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Does a State have the right to secede?
08-21-2013, 04:03 PM
Post: #25
RE: Does a State have the right to secede?
I didn't request that we keep this in accordance with Lincoln's time. I suggested that we refer to Lincoln's arguments against secession while discussing secession on this forum. It just seems like a sensible thing to do, since this forum is dedicated to him. It's disappointing to see people referring to just about any other source or no source and leaving Lincoln out of it entirely.

As far as attempts by northerners to "opt out" of the Union, aside from some abolitionists arguing in favor of secession during the antebellum period, I'm not aware of actual formal moves by northern states to secede. Were there any secession conventions in the North at any time? Purportedly representing all voters of the state? It seems like most of the secession rumblings during the antebellum years came from the South, every time the issue of slavery came up.

I'm aware, as I'm sure everyone else on the forum is, that slavery was "legal." However, its legality doesn't afford the South any moral standing to secede, rebel, or criticize the North for working in any way it could to keep the Union together.

You mention natural rights, in the context of "revolution." But what about the natural right of every human being to be free in his person and free from being governed by a slave master or a slave power without his consent? Isn't that the most basic of natural rights? If not, who has the natural right? The state? Of course, the state doesn't exist in a state of nature, nor does the right of revolution, as the right of revolution presupposes the existence of a social compact and, through it, some sort of system of governance to which people are subject.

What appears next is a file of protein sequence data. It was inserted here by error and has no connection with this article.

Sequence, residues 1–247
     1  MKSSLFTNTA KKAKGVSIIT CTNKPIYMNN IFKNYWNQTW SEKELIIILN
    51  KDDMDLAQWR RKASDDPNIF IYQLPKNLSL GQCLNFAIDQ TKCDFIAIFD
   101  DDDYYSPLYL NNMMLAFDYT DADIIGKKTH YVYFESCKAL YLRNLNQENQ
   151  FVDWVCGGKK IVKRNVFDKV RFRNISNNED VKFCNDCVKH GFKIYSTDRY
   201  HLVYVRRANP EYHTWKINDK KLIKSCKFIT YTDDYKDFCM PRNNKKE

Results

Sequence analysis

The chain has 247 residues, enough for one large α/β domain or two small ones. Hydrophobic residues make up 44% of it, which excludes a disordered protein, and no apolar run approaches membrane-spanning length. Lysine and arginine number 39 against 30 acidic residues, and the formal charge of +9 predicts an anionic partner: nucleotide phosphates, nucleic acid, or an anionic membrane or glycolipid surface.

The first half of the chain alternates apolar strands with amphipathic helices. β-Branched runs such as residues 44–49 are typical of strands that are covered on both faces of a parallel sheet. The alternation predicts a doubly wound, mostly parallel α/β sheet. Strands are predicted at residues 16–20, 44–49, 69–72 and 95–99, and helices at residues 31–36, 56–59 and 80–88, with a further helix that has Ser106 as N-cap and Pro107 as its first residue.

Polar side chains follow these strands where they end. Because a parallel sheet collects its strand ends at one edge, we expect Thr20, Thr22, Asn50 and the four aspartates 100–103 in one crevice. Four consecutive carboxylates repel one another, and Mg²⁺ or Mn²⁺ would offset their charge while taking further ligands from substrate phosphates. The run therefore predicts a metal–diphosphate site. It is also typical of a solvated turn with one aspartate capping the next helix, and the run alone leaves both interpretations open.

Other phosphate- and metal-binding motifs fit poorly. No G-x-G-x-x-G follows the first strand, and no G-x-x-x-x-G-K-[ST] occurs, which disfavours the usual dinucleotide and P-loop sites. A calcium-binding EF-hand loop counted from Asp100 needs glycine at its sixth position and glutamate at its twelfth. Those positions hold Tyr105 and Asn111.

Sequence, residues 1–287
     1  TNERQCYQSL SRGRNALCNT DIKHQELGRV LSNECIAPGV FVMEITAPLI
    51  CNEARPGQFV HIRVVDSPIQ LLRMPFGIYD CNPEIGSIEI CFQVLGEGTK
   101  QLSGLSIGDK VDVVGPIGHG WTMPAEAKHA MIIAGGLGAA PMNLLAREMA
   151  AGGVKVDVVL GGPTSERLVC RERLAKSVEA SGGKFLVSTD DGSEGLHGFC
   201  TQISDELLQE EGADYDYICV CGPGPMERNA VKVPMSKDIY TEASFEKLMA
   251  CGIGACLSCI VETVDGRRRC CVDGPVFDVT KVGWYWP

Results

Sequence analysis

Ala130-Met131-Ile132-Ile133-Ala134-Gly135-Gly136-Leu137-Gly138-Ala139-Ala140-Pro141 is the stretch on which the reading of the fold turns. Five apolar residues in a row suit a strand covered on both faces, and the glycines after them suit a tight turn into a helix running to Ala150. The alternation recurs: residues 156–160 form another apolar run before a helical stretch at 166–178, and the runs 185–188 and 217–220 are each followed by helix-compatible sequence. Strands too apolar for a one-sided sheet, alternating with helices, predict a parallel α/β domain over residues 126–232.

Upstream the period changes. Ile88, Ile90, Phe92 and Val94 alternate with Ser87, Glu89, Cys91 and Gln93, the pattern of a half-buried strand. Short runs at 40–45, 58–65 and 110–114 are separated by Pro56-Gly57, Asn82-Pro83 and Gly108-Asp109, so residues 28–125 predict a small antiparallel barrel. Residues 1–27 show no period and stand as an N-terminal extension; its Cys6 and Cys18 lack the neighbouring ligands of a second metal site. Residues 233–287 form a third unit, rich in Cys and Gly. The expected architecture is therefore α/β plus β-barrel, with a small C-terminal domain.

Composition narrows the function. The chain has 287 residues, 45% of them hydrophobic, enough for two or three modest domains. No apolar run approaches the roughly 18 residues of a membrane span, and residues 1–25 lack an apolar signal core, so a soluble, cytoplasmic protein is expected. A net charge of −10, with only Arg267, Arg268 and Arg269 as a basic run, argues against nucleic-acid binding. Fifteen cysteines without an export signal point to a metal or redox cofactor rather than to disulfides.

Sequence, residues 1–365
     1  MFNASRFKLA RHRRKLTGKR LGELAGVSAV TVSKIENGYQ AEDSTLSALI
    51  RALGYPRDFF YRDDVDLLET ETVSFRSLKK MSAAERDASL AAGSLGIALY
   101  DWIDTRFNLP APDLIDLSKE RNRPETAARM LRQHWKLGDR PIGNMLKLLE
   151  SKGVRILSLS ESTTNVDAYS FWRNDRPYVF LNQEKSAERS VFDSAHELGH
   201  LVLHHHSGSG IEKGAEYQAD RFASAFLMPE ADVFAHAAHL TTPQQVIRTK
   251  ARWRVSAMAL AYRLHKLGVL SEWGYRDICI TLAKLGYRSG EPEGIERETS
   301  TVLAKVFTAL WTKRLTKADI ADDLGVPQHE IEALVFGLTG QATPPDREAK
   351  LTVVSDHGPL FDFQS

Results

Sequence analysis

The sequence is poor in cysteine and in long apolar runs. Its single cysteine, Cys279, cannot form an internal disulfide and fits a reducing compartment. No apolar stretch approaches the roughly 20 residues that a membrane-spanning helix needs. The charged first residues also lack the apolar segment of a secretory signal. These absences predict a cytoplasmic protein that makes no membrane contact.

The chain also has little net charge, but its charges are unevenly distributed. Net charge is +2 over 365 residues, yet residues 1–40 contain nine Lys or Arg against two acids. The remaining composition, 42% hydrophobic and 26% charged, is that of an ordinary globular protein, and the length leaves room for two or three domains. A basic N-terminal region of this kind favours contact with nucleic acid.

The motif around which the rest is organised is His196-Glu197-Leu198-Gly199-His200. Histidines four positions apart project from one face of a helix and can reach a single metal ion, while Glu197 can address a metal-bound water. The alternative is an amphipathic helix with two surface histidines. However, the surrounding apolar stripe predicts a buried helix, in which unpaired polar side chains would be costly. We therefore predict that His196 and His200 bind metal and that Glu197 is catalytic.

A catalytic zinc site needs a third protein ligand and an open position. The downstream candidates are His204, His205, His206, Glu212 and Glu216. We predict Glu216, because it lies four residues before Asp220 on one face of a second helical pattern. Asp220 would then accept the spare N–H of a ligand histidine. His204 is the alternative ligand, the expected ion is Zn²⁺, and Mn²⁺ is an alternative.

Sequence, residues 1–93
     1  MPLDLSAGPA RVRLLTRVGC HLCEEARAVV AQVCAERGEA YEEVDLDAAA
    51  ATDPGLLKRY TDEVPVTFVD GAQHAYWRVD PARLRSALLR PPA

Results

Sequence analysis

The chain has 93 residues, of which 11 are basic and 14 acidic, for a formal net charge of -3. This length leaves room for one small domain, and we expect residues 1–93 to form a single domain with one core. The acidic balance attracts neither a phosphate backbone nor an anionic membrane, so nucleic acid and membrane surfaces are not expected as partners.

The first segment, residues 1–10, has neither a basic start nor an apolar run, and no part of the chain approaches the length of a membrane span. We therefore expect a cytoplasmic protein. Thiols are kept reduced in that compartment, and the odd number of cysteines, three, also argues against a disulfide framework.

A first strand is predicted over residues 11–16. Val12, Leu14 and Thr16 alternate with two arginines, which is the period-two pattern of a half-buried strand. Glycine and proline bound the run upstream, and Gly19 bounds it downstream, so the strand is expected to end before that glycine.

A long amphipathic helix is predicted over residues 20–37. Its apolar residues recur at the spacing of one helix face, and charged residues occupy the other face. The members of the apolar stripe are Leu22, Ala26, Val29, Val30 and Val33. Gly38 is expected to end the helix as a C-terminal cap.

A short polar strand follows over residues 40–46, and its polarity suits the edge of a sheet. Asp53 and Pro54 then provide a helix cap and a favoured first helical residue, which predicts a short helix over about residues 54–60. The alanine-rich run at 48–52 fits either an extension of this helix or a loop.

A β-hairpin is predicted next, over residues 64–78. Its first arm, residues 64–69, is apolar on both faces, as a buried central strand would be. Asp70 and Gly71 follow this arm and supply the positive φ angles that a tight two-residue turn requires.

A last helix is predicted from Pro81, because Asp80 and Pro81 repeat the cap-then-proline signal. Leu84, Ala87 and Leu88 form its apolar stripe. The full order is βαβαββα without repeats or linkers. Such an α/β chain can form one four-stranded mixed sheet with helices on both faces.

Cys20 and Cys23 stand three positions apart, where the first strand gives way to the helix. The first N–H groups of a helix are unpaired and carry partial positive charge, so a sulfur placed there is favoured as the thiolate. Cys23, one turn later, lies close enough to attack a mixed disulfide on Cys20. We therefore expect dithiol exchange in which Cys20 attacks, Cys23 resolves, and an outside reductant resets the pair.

I'm also aware that a number of Confederate states gave Jefferson Davis quite a headache. They often didn't want to provide the necessary arms; they wanted to keep the arms to prevent one of those fearsome slave uprisings from happening. Again, the rebelling states, in claiming secession, set themselves up for yet more secession. Oh, well!

(08-21-2013 12:49 PM)brtmchl Wrote:  ...
You requested that we keep this in accordance with Lincoln's time, I'm simply stating that before and up to the Civil War, The notion of seccession wasn't clear. There were other attempts by Northerners before Southerners "opted out" of the Union.

Some have argued for secession as a constitutional right and others as from a natural right of revolution. The issue of secession was argued in many forums and advocated from time to time in both the North and South in the decades after (adopting) the Constitution and before the American Civil War.

...
1844 with his "Address to the Friends of Freedom and Emancipation in the United States," William Lloyd Garrison called for secession. Garrison wrote: the Constitution was created "at the expense of the colored population of the country"; southerners were dominating the nation—especially representation in Congress—because of the Three-Fifths Compromise; now it was time "to set the captive free by the potency of truth" and to "secede from the government".